The Kingdom of Infinite Space: A Fantastical Journey Around Your Head

Raymond Tallis

The Kingdom of Infinite Space: A Fantastical Journey Around Your Head

"The Kingdom of Infinite Space" is a journey around the part of our anatomy to which we feel most attached: our heads. In this unique combination of biological science and philosophical interrogation, Raymond Tallis takes the head apart, piece by piece, in search of the place where our souls, and consciousness, reside.From the act of blushing and the amount of manganese in our tears (tears of pain contain more than tears of distress) to the curiousness of a kiss, "The Kingdom of Infinite Space" explores the astonishing range of activities that go on inside our heads, most of which are entirely beyond our control. After escorting his readers on a fantastic voyage through every chamber of the head and brain, Raymond Tallis demonstrates that not only does consciousness not reside between our ears, but that our heads are infinitely cleverer than we are. 4.4 out of 5 based on 5 reviews
The Kingdom of Infinite Space: A Fantastical Journey Around Your Head

Omniscore:

Classification Non-fiction
Genre Science & Nature, Psychology & Psychiatry
Format Hardback
Pages 400
RRP £19.99
Date of Publication April 2008
ISBN 978-1843546696
Publisher Atlantic
 

"The Kingdom of Infinite Space" is a journey around the part of our anatomy to which we feel most attached: our heads. In this unique combination of biological science and philosophical interrogation, Raymond Tallis takes the head apart, piece by piece, in search of the place where our souls, and consciousness, reside.From the act of blushing and the amount of manganese in our tears (tears of pain contain more than tears of distress) to the curiousness of a kiss, "The Kingdom of Infinite Space" explores the astonishing range of activities that go on inside our heads, most of which are entirely beyond our control. After escorting his readers on a fantastic voyage through every chamber of the head and brain, Raymond Tallis demonstrates that not only does consciousness not reside between our ears, but that our heads are infinitely cleverer than we are.

Reviews

The Daily Telegraph

Kenan Malik

Imagine a guide to England that bypasses London. Or a history of football that fails to mention Pelé. That is similar to what Ray Tallis has done in The Kingdom of Infinite Space. He gives us 'a fantastical journey around your head' that barely mentions your brain. And it is so much the better for that... At the heart of all his work is a desire to understand what it means to be human, neither as divine creations nor merely as beasts, but rather as what Tallis calls 'embodied subjects'... Tallis can digress entertainingly on anything from Heidegger to hiccups, from Samuel Beckett to the basilar membrane. The Kingdom of Infinite Space is a book to make you laugh, cry, yawn. It might even make you use your brain.

09/05/2008

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The Times

Catherine O'Brien

The Kingdom of Infinite Space is a book that could have been conceived only by a mind as original as that of Tallis... Underpinning everything about which he writes - from the infectiousness of yawning to the hinterlands of a nod and a wink - are two things: a high-minded philosophical inquiry into human consciousness, and a boyish wonderment at the utterly brilliant entity that is our heads.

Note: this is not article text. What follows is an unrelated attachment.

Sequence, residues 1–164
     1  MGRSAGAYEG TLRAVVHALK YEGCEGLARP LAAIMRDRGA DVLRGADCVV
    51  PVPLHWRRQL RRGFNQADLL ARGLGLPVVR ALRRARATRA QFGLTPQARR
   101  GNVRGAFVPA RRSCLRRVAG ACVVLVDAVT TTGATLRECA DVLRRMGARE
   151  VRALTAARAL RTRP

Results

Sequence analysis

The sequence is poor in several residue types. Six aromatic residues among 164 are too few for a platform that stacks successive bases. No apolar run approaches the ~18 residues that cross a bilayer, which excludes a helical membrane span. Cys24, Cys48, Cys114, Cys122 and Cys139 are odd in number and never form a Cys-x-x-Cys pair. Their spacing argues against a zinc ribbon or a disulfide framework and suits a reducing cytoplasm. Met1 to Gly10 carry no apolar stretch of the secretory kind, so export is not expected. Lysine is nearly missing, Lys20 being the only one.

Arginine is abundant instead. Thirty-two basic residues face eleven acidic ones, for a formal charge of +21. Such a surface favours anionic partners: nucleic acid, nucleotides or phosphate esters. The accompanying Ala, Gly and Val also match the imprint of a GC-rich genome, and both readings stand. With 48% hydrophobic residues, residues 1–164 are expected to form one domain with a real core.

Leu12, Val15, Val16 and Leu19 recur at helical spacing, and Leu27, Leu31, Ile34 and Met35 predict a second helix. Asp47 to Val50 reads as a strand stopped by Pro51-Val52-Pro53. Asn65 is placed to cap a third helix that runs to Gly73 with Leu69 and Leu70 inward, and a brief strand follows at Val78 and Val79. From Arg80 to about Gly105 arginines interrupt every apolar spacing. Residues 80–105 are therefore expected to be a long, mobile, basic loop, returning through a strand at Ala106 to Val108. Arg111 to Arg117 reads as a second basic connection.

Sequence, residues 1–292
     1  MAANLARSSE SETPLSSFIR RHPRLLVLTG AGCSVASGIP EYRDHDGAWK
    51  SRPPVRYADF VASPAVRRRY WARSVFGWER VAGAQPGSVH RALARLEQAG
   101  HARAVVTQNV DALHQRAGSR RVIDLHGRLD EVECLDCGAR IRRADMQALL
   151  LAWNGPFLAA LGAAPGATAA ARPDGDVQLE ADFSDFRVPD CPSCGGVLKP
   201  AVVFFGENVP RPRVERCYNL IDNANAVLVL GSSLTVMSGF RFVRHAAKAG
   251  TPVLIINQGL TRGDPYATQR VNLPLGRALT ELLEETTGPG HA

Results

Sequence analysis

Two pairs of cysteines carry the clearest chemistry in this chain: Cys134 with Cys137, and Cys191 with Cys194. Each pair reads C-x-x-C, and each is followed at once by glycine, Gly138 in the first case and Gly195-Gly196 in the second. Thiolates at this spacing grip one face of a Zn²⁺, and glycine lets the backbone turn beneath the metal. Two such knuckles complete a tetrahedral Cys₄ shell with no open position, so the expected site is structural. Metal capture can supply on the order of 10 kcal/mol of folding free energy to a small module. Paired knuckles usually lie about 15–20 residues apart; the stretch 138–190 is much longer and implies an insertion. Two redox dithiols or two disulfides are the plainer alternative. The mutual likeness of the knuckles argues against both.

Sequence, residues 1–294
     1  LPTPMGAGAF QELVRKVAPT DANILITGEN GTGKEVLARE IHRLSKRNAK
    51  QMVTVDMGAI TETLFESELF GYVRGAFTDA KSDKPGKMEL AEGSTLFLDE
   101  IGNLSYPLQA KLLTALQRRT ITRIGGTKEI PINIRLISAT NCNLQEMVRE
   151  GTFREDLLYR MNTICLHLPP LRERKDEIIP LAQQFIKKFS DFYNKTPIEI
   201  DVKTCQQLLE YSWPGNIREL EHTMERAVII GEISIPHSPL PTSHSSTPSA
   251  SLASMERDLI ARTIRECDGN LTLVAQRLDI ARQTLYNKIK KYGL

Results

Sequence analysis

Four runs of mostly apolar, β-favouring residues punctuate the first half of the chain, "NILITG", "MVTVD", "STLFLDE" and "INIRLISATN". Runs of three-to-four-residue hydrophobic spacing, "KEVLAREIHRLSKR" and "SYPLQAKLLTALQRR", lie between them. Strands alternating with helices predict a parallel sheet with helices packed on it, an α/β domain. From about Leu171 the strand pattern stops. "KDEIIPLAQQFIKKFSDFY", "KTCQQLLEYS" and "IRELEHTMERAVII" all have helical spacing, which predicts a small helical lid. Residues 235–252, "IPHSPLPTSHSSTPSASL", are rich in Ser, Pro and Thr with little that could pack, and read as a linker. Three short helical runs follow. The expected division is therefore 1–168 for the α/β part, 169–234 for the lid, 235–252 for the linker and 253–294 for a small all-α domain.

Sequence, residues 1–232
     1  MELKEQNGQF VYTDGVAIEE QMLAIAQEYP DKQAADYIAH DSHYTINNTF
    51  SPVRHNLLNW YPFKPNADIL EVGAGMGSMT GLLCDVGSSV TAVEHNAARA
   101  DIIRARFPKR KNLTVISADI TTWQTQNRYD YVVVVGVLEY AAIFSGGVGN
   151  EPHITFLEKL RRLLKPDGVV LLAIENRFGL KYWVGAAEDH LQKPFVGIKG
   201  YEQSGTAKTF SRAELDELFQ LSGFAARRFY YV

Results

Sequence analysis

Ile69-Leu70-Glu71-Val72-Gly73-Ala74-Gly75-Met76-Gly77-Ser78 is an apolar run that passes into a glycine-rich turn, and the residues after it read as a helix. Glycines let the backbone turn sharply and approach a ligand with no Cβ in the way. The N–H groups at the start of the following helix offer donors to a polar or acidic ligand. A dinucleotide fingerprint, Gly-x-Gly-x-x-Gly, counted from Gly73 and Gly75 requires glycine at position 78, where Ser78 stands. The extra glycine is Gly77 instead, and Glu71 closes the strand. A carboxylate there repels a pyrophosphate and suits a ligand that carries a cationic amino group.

25/03/2008

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The Sunday Times

Lynne Truss

This is an amazing book about the human head, and since its chief stated purpose is to amaze, there can be no higher compliment... Tallis is a bit of a brainbox, so it isn't all plain sailing, style-wise. Having a medical and academic background, Tallis is also a poet, literary critic and philosopher, and it is his unique ability to synthesise hard biological fact, wide philosophical inquiry and piercing poetic incontrovertibility that makes his book so original... The irony... is that it sets out to draw attention to everything other than the brain, yet in the process makes the reader bury his face in his hands and moan, “It hurts, I tell you; it hurts!” But the pleasure of this book is that, at the same time - and in all the best senses - it is a very, very heady experience.

24/04/2009

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The Times Educational Supplement

Chris McManus

Raymond Tallis isn't happy with neuroscience and neurophilosophy because - how else to say it? - he finds them too cerebral. In a nutshell, The Kingdom of Infinite Space is therefore not about brains, but about heads, that "strange zeugma of intelligence and meat, of thought and bone". The 5kg of biological kit carried on our necks is a remarkable evolutionary achievement, packing in the body's control systems, major sensory systems, orifices for admitting food and air, and a panoply of glands, tubes and miscellaneous junk to keep it all fed and watered.

29/05/2008

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The Guardian

Jane O'Grady

Tallis stalks the essence of experience, tries to pinpoint the borderline where sensation peters out into nothingness... Sometimes he is self-indulgent, facetious, a bit too pleased with himself, but at his best he does, 38 years later, what the philosopher Thomas Nagel did in his seminal "What is it like to be a bat?" and reminds us of the glory of human beings... Tallis reminds us of the surprising obtuseness of clever academics when they fail to see what's right in front of their noses.

10/05/2008

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